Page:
How is it already the end of the year? I didn’t have nearly enough time to watch every movie I wanted to or see several awards-bait titles that haven’t opened here yet. That being said, here are my top 10 movies of the year.
1. “Guardians of the Galaxy”
Call me a fanboy all you want, but I didn’t have more fun at the movies this year than with these misfit space heroes. The music was nostalgic, the action exciting and the humor spot-on. And the film even said bigger-picture things about friendship and loyalty. We are Groot, indeed.
2. “Birdman or (The Unexpected Virtue of Ignorance)”
Part dark comedy, part profound drama, part fantasy. But it was all a daring, imaginative ride about a washed-up actor (Michael Keaton) trying to reinvent himself. It was masterfully designed to look like it was shot in one long take, which put us right in the middle of the brilliant, searing performances. A cinematic feat.
Richard Linklater’s passion project was a novel idea: Film the same core cast over a period of 12 years and tell the simple, intimate story of a family and its son growing up. It was rich storytelling that was ultimately life-affirming.
This riotous story of a brutal jazz music instructor’s emotional effect on an overly eager drummer was riveting in only the way that underdog movies can be. J.K. Simmons was explosive as the teacher, but Miles Teller was equally as good as the student. I left the theater soaring.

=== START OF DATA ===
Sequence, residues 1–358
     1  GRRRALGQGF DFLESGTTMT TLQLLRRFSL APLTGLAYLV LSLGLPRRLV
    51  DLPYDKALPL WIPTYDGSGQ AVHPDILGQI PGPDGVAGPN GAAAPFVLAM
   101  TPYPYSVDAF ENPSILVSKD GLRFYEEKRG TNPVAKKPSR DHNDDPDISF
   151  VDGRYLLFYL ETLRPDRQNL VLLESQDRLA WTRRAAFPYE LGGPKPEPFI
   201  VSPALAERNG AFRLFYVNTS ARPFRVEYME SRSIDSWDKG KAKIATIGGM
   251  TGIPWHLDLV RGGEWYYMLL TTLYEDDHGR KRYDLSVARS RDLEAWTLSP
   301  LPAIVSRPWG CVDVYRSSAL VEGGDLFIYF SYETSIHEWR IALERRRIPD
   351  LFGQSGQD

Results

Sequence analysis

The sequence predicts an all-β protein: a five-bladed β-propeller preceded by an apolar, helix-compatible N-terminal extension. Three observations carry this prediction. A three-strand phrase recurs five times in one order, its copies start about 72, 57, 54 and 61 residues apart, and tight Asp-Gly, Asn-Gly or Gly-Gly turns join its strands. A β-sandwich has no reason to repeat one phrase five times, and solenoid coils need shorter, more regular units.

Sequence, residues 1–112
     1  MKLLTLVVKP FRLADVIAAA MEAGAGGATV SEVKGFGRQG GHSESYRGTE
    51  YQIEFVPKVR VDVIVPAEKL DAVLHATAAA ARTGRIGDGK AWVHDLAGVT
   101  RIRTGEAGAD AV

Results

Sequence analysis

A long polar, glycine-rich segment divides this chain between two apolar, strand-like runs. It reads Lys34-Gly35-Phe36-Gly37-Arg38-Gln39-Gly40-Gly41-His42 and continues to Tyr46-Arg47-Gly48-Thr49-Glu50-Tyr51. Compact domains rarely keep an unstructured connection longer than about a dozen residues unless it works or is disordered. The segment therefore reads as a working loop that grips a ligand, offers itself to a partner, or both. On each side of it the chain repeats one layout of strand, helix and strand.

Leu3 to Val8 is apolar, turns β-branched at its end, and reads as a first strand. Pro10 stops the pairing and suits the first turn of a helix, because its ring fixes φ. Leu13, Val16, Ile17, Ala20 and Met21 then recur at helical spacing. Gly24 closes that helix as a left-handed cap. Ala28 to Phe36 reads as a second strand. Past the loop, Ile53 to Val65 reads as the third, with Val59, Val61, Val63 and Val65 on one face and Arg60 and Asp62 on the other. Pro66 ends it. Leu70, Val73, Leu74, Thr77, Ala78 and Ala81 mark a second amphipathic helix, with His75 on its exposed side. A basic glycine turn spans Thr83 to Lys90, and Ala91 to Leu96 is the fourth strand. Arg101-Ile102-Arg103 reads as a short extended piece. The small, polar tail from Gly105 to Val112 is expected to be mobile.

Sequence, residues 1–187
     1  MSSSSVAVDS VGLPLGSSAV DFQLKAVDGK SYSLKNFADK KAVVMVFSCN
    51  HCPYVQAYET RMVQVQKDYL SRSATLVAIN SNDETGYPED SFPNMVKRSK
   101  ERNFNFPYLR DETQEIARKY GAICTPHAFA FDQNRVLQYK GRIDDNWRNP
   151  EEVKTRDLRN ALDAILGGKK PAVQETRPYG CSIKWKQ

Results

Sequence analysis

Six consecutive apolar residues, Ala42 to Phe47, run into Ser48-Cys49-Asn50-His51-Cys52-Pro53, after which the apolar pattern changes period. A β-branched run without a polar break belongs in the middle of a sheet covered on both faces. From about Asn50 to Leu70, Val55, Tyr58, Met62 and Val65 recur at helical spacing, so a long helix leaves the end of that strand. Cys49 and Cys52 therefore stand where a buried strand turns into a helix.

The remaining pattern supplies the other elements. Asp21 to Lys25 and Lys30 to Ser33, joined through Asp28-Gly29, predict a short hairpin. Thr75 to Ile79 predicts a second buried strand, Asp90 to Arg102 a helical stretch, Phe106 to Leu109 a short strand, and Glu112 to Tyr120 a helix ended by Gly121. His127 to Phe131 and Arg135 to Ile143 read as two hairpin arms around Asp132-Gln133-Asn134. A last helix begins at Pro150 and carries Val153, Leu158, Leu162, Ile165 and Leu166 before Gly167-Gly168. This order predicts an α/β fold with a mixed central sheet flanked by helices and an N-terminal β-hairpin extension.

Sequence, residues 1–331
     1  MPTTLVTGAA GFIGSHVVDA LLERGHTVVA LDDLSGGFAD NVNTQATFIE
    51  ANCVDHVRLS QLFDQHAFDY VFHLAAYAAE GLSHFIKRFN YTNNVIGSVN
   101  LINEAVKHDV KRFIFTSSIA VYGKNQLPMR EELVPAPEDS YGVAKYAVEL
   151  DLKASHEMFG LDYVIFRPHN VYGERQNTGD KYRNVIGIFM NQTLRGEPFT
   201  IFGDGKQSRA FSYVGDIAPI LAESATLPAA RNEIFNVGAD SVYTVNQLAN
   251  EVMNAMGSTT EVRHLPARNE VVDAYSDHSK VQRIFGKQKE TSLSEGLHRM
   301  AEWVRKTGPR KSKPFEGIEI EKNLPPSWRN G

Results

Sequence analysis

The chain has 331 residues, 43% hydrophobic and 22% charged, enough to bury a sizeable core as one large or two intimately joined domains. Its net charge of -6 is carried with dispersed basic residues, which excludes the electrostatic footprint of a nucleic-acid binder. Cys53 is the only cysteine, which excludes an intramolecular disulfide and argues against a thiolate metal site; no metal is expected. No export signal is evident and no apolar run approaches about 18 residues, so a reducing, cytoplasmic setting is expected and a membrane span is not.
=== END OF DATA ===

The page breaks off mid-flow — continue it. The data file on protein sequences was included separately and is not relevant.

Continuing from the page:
5. “The Imitation Game”
It reeks of prestige bio-pic, about English mathematician Alan Turing, who cracked the Enigma code during World War II then was persecuted for being gay, but it does it well. The film is completely enthralling with great moments of humor. But it’s a captivating Benedict Cumberbatch as Turing that gives the film its heart. He’s an unapologetically flawed human being who was greatly wronged. Most of all because he never got the chance to love.
Christopher Nolan’s space epic was certainly ambitious, but not just in its scope – a team of explorers go through a wormhole to explore other galaxies – but also in its theories without dumbing anything down.
7. “Gone Girl”
We were never sure what was going to happen next in David Fincher’s dark drama about a man (Ben Affleck) accused of being the cause of his wife’s disappearance. But as the pieces started to fit together, it all became mesmerizing.
8. “The Theory of Everything”
Eddie Redmayne (“Les Miserables”) was astonishing as physicist Stephen Hawking, impressively disappearing into the role as Hawking slowly succumbs to a crippling disease. But Felicity Jones was the heart of the film as his dutiful wife. Both shined radiantly.
The film was dark and seedy, as the title would suggest, about the cutthroat world of TMZ-style sensationalist journalism, but it was Jake Gyllenhaal’s creepy performance that hooked us. His character was unlikeable and pathetic, but we couldn’t take our eyes off of him.
10. “Starred Up”
This blisteringly intense Scottish indie import boasted a roiling performance by Jack O’Connell as a violent teenager sent to an adult prison where his estranged dad is a feared inmate. The tension is almost unbearable at times and the violence disturbing. But O’Connell sold it and showed us the hurt beneath his character’s tough exterior.
The year’s top 10 grossing movies
(Domestic totals in millions)
1. “Guardians of the Galaxy,” $333
2. “The Hunger Games: Mockingjay - Part 1,” $294
3. “Captain America: The Winter Soldier,” $260
4. “The LEGO Movie,” $258
5. “Transformers: Age of Extinction,” $245
6. “Maleficent,” $241
7. “X-Men: Days of Future Past,” $234
8. “Dawn of the Planet of the Apes,” $208
9. “The Amazing Spider-Man 2,” $203
10. “Godzilla (2014),” $201
Source: Box Office Mojo